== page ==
No list of Indian war criminals was ever compiled. How could Netaji have been one?

Posted on by Rubi
 
  

The Netaji controversy refuses to find closure even when secret files are no longer classified. The recent release of 100 confidential files on the 119th birth anniversary of Netaji Subhash Chandra Bose. has opened a can of worms. The event, where Prime Minister Narendra Modi made digital copies of the files public at Delhi’s National Archives of India (NAI) in the presence of a dozen of Bose’s family members, has sent social media on a feeding frenzy.

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The recent release of 100 confidential files of Netaji by PM Narendra Modi has opened a can of worms

The debate was imminent, considering the bare facts that have emerged out of the files left to gather dust for decades. There are a couple of conspiracy theories on the mysterious disappearance of the freedom fighter, and we all want to know what really happened.

Last October, PM Narendra Modi tweeted, “There is no need to strangle history. Nations that forget their history lack the power to create it.” This tweet was an omen for the already cornered the Congress party. Among these files, the one that has caught the imagination of India is a letter apparently written by India’s first PM, Jawaharlal Nehru. He called Bose a ‘war criminal.’

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In a letter apparently written by India’s first PM, Jawaharlal Nehru, he called Subhash Chandra Bose a ‘war criminal’

The Twitter battle is now between the two hashtag parties – #NehrukilledBose, and #Bhaktsfakeletter.  One party is convinced that the fierce leader was killed as part of a conspiracy hatched by Mahatma Gandhi and Nehru, since Bose was becoming a threat to Gandhi’s idea of non-violence. The other one terms this as a conspiracy by the ruling BJP to tarnish the image of India’s first PM and the Congress. A standard, but stale argument.

This is not new, considering the fact that the Bose family itself is divided over the idea of his disappearance. Chandra Kumar Bose, the grand nephew of Netaji, had reportedly said, “I don’t believe the air crash theory. We may not get all the answers today, but I do hope that some indications will be given.” Subhash Chandra Bose’s daughter, Anita Bose, on the other hand states that her father had died in a plane crash.

A pro-Congress supporter has pointed out in Twitter that the Nehru letter was all but a shame, because it’s riddled with glaring grammatical errors and typos. He has put up a corrected picture of the letter to validate his argument. Going by this, it’s quite unlikely that Jawaharlal Nehru, who had mastery over English language, will think of sending an erroneous letter to the British government, without having a cursory glance at it. And the important point of the debate: the letter is not signed.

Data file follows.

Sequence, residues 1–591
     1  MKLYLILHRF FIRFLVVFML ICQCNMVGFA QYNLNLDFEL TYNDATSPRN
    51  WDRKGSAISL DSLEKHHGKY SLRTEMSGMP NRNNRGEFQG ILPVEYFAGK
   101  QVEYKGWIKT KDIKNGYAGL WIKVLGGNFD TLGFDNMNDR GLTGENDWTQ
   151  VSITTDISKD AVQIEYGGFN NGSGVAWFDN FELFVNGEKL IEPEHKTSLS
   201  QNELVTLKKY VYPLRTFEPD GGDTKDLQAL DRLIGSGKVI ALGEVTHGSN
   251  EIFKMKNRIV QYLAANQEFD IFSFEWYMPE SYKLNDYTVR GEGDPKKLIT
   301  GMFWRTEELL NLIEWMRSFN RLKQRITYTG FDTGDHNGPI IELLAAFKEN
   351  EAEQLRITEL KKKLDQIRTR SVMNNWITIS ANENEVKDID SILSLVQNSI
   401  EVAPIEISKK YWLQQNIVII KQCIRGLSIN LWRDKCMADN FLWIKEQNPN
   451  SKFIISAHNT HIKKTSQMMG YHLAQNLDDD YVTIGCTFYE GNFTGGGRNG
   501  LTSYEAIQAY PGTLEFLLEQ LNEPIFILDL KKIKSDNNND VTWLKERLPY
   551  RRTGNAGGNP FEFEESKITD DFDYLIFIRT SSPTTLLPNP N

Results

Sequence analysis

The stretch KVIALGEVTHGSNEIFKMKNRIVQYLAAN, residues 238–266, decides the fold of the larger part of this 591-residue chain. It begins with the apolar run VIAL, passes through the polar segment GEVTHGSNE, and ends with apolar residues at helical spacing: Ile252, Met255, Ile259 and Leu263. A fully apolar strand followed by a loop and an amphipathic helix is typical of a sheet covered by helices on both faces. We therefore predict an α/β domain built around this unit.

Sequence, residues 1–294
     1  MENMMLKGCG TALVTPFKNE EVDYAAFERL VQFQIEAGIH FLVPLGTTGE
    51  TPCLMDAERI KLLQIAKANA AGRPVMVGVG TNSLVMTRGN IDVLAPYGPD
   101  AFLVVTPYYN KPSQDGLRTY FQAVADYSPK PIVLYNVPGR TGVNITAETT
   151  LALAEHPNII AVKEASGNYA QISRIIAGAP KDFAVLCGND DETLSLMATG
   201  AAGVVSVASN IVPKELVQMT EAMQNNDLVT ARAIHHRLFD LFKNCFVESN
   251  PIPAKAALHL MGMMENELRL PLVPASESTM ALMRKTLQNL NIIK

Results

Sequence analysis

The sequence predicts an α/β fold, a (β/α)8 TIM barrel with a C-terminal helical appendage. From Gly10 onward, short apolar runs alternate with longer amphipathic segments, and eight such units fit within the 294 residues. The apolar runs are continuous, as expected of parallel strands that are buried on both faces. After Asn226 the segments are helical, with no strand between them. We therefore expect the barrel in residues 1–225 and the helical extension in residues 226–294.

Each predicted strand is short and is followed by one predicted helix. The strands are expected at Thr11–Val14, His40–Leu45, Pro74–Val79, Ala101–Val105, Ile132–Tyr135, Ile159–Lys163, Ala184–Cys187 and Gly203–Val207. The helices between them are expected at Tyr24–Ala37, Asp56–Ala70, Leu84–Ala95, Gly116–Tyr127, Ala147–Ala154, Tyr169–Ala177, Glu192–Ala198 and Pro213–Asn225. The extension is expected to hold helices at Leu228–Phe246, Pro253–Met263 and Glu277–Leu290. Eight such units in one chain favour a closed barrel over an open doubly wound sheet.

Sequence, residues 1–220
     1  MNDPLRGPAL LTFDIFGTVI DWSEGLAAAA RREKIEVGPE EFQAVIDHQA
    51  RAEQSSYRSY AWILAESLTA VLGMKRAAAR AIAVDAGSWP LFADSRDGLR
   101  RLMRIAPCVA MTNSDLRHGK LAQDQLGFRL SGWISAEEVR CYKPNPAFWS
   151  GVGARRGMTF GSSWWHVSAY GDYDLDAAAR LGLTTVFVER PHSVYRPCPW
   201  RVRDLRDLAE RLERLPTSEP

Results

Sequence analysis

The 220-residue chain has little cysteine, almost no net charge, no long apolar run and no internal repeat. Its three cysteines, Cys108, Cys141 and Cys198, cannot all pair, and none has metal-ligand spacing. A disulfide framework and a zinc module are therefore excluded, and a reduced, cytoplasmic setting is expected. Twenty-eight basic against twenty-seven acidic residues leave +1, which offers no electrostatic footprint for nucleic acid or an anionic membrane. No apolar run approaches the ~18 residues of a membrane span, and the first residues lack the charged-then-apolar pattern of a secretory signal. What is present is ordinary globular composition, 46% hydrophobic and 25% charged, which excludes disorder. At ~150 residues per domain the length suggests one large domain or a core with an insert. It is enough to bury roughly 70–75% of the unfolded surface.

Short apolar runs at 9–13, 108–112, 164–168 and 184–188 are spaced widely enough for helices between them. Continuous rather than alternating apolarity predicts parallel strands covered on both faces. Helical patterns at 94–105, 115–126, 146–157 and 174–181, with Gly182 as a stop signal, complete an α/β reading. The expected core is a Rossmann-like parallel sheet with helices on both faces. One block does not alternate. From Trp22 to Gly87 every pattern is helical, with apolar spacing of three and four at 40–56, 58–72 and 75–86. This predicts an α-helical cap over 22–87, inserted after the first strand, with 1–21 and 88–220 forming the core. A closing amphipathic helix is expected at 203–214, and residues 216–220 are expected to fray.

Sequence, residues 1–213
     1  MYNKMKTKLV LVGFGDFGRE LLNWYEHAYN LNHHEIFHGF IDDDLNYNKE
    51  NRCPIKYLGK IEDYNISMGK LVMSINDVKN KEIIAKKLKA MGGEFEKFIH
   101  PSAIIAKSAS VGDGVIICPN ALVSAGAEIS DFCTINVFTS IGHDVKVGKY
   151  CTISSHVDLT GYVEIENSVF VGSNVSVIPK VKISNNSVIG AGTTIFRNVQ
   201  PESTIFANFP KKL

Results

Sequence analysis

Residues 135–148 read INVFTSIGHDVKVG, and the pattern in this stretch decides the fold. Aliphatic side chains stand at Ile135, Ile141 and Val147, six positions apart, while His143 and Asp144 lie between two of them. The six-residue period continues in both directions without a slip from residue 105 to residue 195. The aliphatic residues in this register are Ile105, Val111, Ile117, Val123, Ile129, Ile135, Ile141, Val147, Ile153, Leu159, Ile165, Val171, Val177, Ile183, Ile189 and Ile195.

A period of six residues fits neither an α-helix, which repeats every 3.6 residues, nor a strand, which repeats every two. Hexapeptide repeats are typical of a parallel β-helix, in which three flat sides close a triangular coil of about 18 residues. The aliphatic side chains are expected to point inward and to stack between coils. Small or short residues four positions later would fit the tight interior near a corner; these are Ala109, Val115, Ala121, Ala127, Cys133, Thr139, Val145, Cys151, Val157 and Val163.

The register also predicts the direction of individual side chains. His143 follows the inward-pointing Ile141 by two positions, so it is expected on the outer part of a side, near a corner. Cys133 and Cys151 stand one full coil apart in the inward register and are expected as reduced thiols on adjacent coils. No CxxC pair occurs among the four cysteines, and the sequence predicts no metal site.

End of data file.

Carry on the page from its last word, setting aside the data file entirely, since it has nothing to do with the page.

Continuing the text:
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A Twitter follower has pointed that the Nehru letter was all but a sham, because it’s riddled with glaring grammatical errors

Noted historian Ramchandra Guha has negated the authenticity of the letter on twitter: “To those who asked, the letter allegedly written by Nehru to Attlee about Bose is completely inauthentic.”

There is another document that was put on display that day. The file categorically says that Netaji’s name could have never appeared as a ‘war criminal’ by UK at the end of World War II. According to the file, the Indian High Commission in UK said list of war criminals was only drawn up for Japanese and German citizens. Going by this fact, Nehru couldn’t possibly have sent a letter to England labelling Bose as a ‘war criminal.’ This particular file, though, is not talked about much as it puts an end to the whole Nehru conspiracy.

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Another file on display says Netaji’s name could have never appeared as a ‘war criminal’ by UK at the end of World War II

The shroud of mystery around Netaji’s death is only getting murkier. The revelations, instead of settling the matter, has taken a worrying turn.

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About the Author

Whether it’s women issues, politics or the paranormal, Rubi has an opinion on everything. Art and entertainment interest her, too. Hindu College alumni, she has written for The Hindustan Times and The Financial Express. Every now and then, she loves picking up her camera to capture life and its various shades.